Amazing results yielded from the GPS mod!! Wifi mod anyone?

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I wound up tearing her down and wedging a piece of corrugated cardboard between the chip and that copper UFO paper. I didn't pick up many more satellites than usual but on 6 sats I flew out 1200ft.... Previous record was 650ft (distance). I didn't even run it out all the way, wound up hitting return home once I noticed it was 3 blocks down!! This is flying blind as well... working on the Hero 4. I got some pretty nice footage as I also made a tutorial that I'll be uploading on Youtube later this evening. Let me know of any other mods out there! I've had the Solo(s) [destroyed my first one due to gps malfunction] for about a week and a half and I'm hooked. I'm thinking of doing the WiFi card mod this evening, any thoughts?? Snapshot_0.png
 
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I went from 8-14 satellites and it starts up seconds after hitting the power button. I'm loving this bird more and more


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I ordered the V2 GPS shield from 3DR directly and the improvements are even better than the cardboard mod. Costs $15 with the coupon code and arrived within a week to Toronto, Canada direct from California. I get 10-14 sats within 30-45 seconds now.
 
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I wound up tearing her down and wedging a piece of corrugated cardboard between the chip and that copper UFO paper. I didn't pick up many more satellites than usual but on 6 sats I flew out 1200ft.... Previous record was 650ft (distance). I didn't even run it out all the way, wound up hitting return home once I noticed it was 3 blocks down!! This is flying blind as well... working on the Hero 4. I got some pretty nice footage as I also made a tutorial that I'll be uploading on Youtube later this evening. Let me know of any other mods out there! I've had the Solo(s) [destroyed my first one due to gps malfunction] for about a week and a half and I'm hooked. I'm thinking of doing the WiFi card mod this evening, any thoughts?? View attachment 4564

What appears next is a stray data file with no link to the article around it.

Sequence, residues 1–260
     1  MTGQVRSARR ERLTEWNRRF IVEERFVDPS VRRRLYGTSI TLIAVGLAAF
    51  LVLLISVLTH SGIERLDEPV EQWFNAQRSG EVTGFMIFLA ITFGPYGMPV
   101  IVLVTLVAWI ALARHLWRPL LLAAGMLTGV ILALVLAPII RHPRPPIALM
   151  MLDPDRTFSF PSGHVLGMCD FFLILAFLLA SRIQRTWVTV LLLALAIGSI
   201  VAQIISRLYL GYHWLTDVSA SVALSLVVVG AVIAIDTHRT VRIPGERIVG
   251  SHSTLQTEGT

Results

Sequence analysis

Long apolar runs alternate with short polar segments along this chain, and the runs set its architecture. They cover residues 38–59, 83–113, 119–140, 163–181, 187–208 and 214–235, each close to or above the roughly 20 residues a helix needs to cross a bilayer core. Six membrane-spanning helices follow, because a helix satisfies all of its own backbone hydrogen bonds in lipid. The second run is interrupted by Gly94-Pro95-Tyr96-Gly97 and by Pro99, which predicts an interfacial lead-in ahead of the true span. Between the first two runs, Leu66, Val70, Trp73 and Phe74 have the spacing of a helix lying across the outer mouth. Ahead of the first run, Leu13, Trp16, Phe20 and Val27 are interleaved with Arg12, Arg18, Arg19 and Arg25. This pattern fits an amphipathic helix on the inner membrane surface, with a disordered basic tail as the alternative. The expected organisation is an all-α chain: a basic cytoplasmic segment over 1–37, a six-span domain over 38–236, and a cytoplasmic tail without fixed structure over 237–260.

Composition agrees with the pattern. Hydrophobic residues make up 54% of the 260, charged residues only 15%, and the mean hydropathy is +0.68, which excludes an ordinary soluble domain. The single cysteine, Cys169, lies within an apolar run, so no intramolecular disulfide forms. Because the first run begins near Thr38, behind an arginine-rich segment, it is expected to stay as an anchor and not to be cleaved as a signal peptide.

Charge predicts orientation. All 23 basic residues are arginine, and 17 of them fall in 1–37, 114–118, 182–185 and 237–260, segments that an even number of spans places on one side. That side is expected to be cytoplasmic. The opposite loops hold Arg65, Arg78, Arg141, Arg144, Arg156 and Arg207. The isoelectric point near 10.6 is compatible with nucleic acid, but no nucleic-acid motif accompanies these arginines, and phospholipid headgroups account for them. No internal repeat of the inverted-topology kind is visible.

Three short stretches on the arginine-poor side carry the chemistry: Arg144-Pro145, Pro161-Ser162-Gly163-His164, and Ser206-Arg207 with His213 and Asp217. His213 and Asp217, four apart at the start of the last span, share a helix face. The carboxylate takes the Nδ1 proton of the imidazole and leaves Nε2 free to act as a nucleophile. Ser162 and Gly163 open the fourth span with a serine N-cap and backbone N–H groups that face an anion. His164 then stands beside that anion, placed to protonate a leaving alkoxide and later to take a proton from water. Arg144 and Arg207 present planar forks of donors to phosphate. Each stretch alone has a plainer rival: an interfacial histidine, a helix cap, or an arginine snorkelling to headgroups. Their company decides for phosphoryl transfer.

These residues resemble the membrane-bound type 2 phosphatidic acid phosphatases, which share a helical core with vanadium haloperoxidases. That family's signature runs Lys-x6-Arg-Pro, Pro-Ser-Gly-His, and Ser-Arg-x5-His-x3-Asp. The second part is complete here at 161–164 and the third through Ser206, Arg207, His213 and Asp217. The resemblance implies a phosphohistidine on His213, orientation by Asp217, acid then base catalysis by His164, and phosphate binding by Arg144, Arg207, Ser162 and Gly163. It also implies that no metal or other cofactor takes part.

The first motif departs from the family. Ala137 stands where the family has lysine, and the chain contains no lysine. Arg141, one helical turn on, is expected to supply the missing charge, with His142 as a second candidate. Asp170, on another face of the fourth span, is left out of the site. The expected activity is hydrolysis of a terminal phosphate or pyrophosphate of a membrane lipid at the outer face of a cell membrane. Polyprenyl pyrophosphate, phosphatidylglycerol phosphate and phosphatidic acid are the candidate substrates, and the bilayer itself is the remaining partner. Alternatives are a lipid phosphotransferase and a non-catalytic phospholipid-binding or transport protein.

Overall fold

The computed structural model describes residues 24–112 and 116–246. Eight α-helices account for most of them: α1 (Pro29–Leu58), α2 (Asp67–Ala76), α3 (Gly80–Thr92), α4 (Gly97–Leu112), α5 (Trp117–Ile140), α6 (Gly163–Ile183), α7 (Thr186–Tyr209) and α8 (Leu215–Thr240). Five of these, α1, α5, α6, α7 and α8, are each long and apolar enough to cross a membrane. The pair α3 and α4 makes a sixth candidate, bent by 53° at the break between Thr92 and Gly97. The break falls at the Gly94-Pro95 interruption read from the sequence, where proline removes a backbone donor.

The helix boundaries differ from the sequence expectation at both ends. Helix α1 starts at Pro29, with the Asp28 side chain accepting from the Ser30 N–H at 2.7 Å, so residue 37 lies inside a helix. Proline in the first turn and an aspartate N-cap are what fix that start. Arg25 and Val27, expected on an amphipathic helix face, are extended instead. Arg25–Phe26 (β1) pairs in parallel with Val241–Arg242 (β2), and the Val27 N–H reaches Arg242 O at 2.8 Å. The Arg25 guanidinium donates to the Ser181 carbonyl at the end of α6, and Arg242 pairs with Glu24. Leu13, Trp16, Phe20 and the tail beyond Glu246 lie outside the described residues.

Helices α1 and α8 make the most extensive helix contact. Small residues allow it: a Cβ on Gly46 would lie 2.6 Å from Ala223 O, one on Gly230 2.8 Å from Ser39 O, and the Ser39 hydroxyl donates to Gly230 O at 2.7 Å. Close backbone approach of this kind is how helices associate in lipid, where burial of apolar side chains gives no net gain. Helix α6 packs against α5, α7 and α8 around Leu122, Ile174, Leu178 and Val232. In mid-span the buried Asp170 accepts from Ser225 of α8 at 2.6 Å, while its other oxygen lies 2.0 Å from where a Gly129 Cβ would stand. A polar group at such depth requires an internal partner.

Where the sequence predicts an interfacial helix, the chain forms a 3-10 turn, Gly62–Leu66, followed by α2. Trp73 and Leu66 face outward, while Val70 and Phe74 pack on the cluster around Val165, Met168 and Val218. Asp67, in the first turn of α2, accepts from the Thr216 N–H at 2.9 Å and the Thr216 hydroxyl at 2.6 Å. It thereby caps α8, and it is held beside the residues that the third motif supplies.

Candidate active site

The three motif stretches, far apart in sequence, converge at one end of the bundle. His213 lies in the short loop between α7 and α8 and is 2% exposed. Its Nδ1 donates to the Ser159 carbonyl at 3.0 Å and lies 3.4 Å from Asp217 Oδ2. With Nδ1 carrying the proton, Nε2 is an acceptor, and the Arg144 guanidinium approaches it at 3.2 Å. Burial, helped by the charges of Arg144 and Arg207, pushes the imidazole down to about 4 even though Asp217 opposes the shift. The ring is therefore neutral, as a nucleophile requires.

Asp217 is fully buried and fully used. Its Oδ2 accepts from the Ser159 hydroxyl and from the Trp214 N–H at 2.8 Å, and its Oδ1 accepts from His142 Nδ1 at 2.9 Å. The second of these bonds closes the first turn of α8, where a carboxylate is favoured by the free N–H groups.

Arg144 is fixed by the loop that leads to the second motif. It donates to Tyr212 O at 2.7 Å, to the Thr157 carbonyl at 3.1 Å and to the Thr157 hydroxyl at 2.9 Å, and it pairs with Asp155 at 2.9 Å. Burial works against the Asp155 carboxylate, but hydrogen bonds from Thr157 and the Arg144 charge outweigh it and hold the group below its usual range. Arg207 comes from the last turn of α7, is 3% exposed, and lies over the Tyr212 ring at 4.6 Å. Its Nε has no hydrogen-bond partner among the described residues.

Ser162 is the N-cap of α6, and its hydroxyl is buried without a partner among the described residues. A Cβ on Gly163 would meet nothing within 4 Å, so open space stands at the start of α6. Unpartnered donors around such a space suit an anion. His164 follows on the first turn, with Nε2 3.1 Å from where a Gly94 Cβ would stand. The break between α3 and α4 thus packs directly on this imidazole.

GPS has nothing to do with the distance your solo can travel before you lose radio signal.
GPS is Different then WiFi.
Your WiFi signal determines the distance before Solo Say's "RTH" due to lost signal.

Hope this helps
 
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I ordered the V2 GPS shield from 3DR directly and the improvements are even better than the cardboard mod. Costs $15 with the coupon code and arrived within a week to Toronto, Canada direct from California. I get 10-14 sats within 30-45 seconds now.

I also ordered the V2 shield and I saw marked improvement on GPS signal hold and maintaining GPS lock.